It was previously reported that the Taiwan 19F− 14 clone related to pneumococcal serotype 19A and 19F, which were spread extensively across China prior to the introduction of PCV7 and contributed to the prevalence of MDR S. pneumoniae isolates in China [26, 27].This positive association between the increase in serotypes 19A and 19F and the high epidemic of MDR CC271 isolates was also confirmed in other Asian countries such as Japan and South Korea before and after the introduction of PCV7 [28,29,30,31]. In developed countries such as the USA and Europe, the long-term effect of broad vaccination with PCV7 vaccine led to the increase of non-vaccine serotypes (serotype replacement), especially MDR-related serotype 19A [32]. Based on these findings, the vaccine immunization and protection effect could not entirely explain the emergence and dissemination of MDR-related serotypes of 19A and 19F, which related to the homogeneous genetic background of CC271 in Asian countries [31]. Evidence from multicenter surveillance in China demonstrated that 84.7% of the isolates of 19A and 19F belonged to CC271 [33], suggesting that in the area of where PCV7 vaccination rate of less than 10%, the vaccine implication pressure could not entirely explain these phenomenon, and other risk factors (such as antibiotic use and younger age) may promote the dissemination of these isolates among children suffering from CAP [34]. Our data suggest that the PCV13 coverage rate was 87.3% for all the MDR isolates, indicating that the PCV13 may have a potential benefit to reduce the spread of MDR isolates.

Recent evidence has revealed a potential association between pneumococcal serotypes and STs. Serotype 19F/ST271 prevails in China, Czech Republic, Iceland, and South Africa [11, 35,36,37], serotype 19A/ST320 was prevalent in Asia and worldwide [32, 38], serotype 14/ST876 was prevalent in China [39], and serotype 23F/ST81was prevalent in Taiwan [40]. A good consistency between pneumococcal serotypes and STs was revealed in this study using the correspondence analysis. The consistency was also reported in previous studies, mostly in China [11, 32, 34, 39].

Pilus islet has capable of assisting S. pneumoniae collapsing mucosa, triggering mucosal inflammation and adherence to host tissue, which make S. pneumoniae more virulent. Previous study revealed that the pilus genes were associated with certain complex clonal of S. pneumoniae. For example, the rlrA and sipA which encoded the PI-1 and PI-2 pilus islet have previously been described as positive among the Taiwan 19F-14 clone (CC271) [41]. Another study also found that the PCV7 non-vaccine serotype (19A) of S. pneumoniae also carried the pilus islet genes [42]. Consistent with above findings, our data demonstrated that CC271 has a great consistency with PI-1 and PI-2 pilus islets and carrying mef(A/E) gene. In addition, we found that certain pilus genes have corresponding relationships with certain STs, such as ST90/ST872/ST3397 and PI-1, ST320/271 and PI-1 + PI-2, and ST320/271 and PI-2. These findings indicate that pilus islets help the high virulence isolates such as CC271 spread among children suffered from CAP in Western China, and imply that the introduction of PCV13 would decrease the disease burden of CAP in this area.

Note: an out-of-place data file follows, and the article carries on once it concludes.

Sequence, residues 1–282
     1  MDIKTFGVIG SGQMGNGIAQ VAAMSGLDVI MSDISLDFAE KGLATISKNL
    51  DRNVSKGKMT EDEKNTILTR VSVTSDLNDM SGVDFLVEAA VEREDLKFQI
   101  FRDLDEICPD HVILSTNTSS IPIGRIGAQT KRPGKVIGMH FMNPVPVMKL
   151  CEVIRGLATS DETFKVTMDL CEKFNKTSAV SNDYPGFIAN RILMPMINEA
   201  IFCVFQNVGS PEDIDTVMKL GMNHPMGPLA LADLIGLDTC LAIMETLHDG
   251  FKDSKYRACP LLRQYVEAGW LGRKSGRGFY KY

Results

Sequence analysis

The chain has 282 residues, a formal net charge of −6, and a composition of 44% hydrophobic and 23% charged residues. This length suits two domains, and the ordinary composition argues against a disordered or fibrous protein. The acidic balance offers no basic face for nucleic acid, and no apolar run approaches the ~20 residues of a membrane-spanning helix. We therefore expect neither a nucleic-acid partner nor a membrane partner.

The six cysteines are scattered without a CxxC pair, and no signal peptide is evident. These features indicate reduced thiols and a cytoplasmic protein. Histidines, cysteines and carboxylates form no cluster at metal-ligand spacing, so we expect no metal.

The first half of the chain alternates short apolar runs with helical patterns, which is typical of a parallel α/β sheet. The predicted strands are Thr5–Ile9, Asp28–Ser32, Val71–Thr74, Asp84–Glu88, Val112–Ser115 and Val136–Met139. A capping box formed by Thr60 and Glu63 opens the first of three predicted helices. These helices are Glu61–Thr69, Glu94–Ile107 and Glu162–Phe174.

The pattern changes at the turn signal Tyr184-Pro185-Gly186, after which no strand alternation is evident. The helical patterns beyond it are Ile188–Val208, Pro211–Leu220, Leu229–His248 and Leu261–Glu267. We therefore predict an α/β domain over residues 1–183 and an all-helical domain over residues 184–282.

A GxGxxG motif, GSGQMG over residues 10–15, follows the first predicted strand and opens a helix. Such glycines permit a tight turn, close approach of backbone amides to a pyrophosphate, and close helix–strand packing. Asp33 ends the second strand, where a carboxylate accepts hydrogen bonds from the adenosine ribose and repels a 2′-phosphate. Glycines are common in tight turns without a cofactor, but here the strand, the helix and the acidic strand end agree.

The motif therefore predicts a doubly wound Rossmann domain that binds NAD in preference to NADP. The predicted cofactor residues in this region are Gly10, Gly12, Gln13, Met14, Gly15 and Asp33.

This study has some limitations. First, this surveillance of CAP data was conducted only in two hospitals, which may limit the generalizability of our results. Results from this study need to be confirmed in future multiprovince or multinational surveillance studies. Second, some serotypes have not been identified, and further studies are needed to identify them in the future. However, the significant consistency between STs and serotypes and between STs and PIs of S. pneumoniae gives us a new insight into the spread of dominant complex clones among the children suffering from CAP. The time span of the sample collection was between January 2015 and January 2017; that is after the PCV7 was pulled off the Chinese market in 2015, but before PCV13 was introduced into Liuzhou, so this study can reflect the epidemiology of S. pneumoniae isolated from pediatric community-acquired pneumonia in pre-conjugate vaccine era in Western China.

In conclusion, this is the first study to focus on pediatric CAP-causing S. pneumoniae in Western China. Our findings indicate that S. pneumoniae CC271 isolates carry more resistance genes and virulence genes than non-CC271. Interestingly, there are strong corresponding relationships between serotypes and STs and between STs and PIs, which may provide new guidance for developing future pneumococcal vaccines. In addition, the high coverage rate of PCV13 suggests the necessity of introducing the PCV13 vaccine in Western China, which may reduce disease burden of CAP in this population.

Availability of data and materials

We declare that the data supporting the conclusions of this article are available from the corresponding author on reasonable request.


S. Pneumoniae :

Streptococcus pneumoniae


Community-acquired pneumonia


World Health Organization


Pneumococcal conjugate vaccines